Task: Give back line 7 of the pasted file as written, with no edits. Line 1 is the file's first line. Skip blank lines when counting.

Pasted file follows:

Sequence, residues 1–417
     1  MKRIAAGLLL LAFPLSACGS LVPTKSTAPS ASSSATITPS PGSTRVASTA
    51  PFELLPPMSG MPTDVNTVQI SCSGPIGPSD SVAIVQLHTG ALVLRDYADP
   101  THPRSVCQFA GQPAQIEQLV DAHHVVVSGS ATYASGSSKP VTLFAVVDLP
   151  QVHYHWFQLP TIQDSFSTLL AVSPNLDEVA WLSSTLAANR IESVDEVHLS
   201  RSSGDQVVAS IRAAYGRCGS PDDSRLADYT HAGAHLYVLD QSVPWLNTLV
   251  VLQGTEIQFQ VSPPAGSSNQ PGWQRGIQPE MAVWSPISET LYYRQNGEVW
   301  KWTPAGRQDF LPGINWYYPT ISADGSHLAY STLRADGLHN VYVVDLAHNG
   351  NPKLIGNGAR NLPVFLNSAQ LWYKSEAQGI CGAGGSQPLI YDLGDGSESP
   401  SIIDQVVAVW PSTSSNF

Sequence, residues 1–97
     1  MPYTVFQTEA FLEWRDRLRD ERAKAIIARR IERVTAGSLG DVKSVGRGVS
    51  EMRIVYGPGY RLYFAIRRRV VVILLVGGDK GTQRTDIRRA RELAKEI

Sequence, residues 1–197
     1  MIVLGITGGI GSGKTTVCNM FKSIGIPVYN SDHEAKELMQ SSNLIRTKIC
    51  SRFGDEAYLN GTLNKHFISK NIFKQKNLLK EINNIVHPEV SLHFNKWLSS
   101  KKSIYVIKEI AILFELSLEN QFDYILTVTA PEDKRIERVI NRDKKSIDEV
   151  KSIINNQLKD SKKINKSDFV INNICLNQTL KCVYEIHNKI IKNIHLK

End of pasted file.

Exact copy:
   251  VLQGTEIQFQ VSPPAGSSNQ PGWQRGIQPE MAVWSPISET LYYRQNGEVW